10. I pay a ‘fine’ to a government official in order to keep my business operating.
11. I lease customary land as the head of the family and keep all the money for myself.
12. I accept the gift of 10,00 vatu and in return I give my vote to the politician who gave me the 10,000 vatus.
13. I accept the gift of water tanks for my village and in return I give my vote to the politician who bought the water tanks.
14. I use the internet at USP to look up soccer results and chat with friends, even though I know I only have access for academic related purposes.
The causes of corruption
The study task above should help you to think back to topic 9 – the psychological-social reasons that people obey or disobey laws.
The causes of corruption are many and complex. Maybe some people are just bad. Maybe some people do not understand what is or is not acceptable behaviour, or do not understand why it is important to follow the law. Maybe people will act in their own self interest when they think that they can get away with it. Some people may distinguish between petty and grand corruption. Some might argue that corruption is culturally relative, and defined by Western standards of behaviour. Some might even argue that the end justifies the means – and a bit of corruption for a greater public benefit is fine.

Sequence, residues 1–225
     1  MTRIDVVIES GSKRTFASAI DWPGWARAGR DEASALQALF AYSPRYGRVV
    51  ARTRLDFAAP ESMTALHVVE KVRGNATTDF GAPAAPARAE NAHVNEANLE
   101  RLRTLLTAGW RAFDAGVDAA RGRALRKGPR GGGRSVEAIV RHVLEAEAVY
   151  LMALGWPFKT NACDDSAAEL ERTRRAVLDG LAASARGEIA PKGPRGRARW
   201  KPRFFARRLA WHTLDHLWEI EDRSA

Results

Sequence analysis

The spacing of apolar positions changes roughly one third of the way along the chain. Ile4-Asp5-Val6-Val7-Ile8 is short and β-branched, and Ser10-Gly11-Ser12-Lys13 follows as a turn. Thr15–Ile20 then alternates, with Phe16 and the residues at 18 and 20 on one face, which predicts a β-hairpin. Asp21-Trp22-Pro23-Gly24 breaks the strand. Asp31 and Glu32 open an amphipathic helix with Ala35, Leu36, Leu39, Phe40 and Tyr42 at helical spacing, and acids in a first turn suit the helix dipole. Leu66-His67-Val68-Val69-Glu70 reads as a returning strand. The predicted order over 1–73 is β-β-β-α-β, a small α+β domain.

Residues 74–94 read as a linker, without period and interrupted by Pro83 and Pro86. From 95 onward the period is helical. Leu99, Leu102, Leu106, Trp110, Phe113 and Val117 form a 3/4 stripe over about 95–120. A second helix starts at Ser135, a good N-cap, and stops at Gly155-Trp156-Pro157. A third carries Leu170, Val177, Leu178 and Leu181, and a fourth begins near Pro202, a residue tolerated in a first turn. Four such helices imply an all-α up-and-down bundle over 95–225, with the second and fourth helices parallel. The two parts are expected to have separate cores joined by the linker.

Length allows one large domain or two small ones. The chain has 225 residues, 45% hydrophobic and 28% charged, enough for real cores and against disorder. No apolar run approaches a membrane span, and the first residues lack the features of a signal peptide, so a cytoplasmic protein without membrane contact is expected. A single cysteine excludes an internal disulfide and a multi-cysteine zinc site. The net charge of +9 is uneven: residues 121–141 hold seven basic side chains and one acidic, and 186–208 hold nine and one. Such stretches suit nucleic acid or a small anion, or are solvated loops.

Imagine that investor status needs to be granted by the government before a hotel development could go ahead. The hotel development will be of major importance to the economic well-being of a section of the community in a small Island State should be undertaken. Many jobs will result if the work goes ahead. It will produce considerable revenue for the people of the Island State as a whole because it will increase the revenue of the country.
The bureaucracy in the country is renowned for its inefficiency and incompetence. It has had the development application for over a year and nothing has happened.
Would a small bribe by the developer to an official to get the job done be tolerable in the interests of the overall well being of the community concerned?
What harm is there in using a bribe in order to produce effective bureaucratic action?
Studies carried out by Transparency International on the National Integrity Systems of various Pacific countries in 2003-2004 suggested that one common theme running across different countries was that political leaders lack the will to change - they know that they are acting corruptly, but are too self-interested to stop. This is often referred to as lack of political will. Whilst custom or culture is sometimes used as an excuse or justification for corruption, a lot of the time leaders are quite well aware that the 'custom' excuse is flimsy.